Feminist Friday

East Carolina University’s Women and Gender Office (WGO) will host a workshop tomorrow to discuss current events relating to this month’s topic, intersectional feminism.

The Feminist Friday workshop will be held in the Women and Gender Office inside the Main Campus Student Center tomorrow at 2 p.m. Ashley Cleland, associate director of WGO, will be running the workshop.

“I think that this event for me, as a professional, represents the importance of dialogue,” Cleland said. “There’s a lot of information and resources that the WGO and me and my role as an associate director of Intercultural Affairs can provide the community, but I also want to make sure there are opportunities where students, faculty and staff have a chance to unpack and talk about things that matter to them while also learning something.”

Cleland said feminism has a long history and the WGO chose this topic with the 100-year anniversary of the 19th Amendment coming up August 2020. She said with feminism on the rise in recent years, it has become more relevant than ever since 1992, which was named the “Year of the Woman.”

Cleland said more females have been running for governmental offices to the point where it has become quite common.

Cleland said she hopes to engage and teach students during the Feminist Friday event. She said she wants to clear up some common misconceptions about feminism.

A few topics which might be discussed during this event are that feminists are men haters, or they hate pink and have a specific appearance, Cleland said. The topics will be broadened during this discussion because of the way feminism can be perceived with the multitude of viewpoints across the board, she said.

Feminism is a topic for everyone to have their own take on and when approached by it everyone has their own meaning, according to Cleland.

“Feminism is recognizing barriers and stigma and anything getting in the way of everyone having equal opportunity in social, political and economic success,” Cleland said.

Dorian Simons, a freshman science education major and member of the WGO, said he started off not agreeing with feminism, but along the way, he found feminism was something used to help people. He said he started off not knowing much about feminism because it was a complicated subject that held a variety of meanings. He said the WGO has been a home for him.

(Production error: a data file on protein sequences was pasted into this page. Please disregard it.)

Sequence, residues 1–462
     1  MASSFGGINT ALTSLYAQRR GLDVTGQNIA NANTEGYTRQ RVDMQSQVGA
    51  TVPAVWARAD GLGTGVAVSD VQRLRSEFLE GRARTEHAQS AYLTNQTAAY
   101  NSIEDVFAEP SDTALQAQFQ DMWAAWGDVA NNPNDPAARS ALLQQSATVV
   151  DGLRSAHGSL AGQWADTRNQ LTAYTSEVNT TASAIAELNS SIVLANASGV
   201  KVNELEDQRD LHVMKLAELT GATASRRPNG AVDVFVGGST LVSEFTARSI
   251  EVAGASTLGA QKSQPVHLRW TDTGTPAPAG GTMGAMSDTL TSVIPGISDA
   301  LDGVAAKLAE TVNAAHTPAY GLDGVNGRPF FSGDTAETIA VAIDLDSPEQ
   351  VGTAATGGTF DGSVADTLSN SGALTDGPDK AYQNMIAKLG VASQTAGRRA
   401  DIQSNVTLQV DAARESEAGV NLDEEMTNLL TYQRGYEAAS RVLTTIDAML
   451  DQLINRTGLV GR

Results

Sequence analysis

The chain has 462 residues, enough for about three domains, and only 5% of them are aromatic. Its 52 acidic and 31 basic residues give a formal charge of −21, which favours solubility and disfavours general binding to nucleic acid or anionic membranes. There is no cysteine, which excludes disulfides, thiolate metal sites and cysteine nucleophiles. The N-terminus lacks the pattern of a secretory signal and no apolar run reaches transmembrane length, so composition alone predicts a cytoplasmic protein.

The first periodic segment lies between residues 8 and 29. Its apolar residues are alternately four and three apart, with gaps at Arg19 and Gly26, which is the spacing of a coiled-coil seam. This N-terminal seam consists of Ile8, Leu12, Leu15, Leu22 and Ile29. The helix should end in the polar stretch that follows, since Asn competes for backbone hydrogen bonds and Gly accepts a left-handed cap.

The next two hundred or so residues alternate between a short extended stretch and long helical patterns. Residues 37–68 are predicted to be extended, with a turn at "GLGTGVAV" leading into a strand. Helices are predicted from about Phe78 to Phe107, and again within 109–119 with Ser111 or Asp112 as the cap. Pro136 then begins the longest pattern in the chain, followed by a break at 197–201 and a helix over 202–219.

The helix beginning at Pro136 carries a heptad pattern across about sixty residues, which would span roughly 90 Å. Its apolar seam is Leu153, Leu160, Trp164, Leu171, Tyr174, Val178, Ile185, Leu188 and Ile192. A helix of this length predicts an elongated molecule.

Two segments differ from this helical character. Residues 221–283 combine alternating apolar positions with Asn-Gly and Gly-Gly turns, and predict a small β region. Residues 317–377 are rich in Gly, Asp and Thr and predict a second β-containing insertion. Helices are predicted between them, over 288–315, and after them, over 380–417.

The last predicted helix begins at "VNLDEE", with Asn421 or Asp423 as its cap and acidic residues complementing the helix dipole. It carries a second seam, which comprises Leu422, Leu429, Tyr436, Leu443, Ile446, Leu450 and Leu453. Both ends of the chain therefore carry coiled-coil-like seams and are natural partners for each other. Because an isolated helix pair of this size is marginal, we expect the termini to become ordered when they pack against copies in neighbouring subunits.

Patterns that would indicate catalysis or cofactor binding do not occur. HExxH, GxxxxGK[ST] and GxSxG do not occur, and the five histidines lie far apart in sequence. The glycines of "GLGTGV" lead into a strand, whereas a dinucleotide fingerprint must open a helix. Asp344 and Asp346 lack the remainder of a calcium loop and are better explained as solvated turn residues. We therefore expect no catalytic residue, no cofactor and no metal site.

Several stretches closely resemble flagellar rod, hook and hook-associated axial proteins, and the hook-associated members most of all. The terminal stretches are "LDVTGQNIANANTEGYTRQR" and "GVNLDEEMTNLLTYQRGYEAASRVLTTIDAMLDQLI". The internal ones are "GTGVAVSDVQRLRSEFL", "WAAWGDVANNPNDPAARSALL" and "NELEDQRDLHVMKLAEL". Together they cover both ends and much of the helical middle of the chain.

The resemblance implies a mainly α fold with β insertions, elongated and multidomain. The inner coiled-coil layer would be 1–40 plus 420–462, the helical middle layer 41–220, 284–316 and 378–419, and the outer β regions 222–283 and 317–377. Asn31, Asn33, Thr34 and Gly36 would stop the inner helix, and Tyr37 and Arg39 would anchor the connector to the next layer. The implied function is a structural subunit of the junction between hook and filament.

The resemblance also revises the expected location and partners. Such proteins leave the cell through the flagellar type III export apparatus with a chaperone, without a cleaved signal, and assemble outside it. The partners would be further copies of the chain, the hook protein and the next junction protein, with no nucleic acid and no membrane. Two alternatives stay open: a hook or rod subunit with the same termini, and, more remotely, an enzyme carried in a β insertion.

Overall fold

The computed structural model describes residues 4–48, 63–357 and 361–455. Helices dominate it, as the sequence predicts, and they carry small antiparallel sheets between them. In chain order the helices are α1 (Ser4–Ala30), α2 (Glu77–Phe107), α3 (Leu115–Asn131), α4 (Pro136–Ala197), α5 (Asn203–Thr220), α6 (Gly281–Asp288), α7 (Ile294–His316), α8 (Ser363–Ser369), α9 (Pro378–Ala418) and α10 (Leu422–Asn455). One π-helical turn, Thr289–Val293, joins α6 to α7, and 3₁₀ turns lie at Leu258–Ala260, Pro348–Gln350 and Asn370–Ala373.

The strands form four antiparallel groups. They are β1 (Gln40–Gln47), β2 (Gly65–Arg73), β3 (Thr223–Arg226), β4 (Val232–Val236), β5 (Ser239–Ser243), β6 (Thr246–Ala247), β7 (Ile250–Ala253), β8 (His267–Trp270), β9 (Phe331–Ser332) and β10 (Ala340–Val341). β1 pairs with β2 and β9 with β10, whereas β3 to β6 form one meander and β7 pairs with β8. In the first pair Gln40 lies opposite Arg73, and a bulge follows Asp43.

“Feminism helped me find myself and was a complicated topic as a kid that I didn’t know much about. I realized feminism was so much more and that I could use it to be an ally for people more marginalized than I am,” Simons said.

Jhanna Means, program assistant for the WGO and senior intended nursing and child development double major, said this will be her second semester being a part of the WGO. She said she has learned more about inclusive language, menstruation and how important the office truly is.

The word "feminism” has been viewed as an extreme when in reality, it's fair and just, according to Means. Women are just as equal as men and that they deserve the same privileges, Means said.

“Feminism isn't some fancy word that's thrown around by woke females. It's a way of life. It's advocating for women's rights and equality among the sexes politically, personally, economically and socially,” Means said.

Feminism is a topic for everyone to have their take on and when approached by it everyone has their own meaning according to Cleland.

“Feminism is recognizing barriers and stigma and anything getting in the way of everyone having equal opportunity in social, political, and economic success,” Cleland said.

(1) comment

Dalton Stilwell

I don't like this article's use of "females" as a noun. It's dehumanizing. More WOMEN have been running for governmental offices to the point where it has become quite common, and feminism isn't some fancy word that's thrown around by woke WOMEN.

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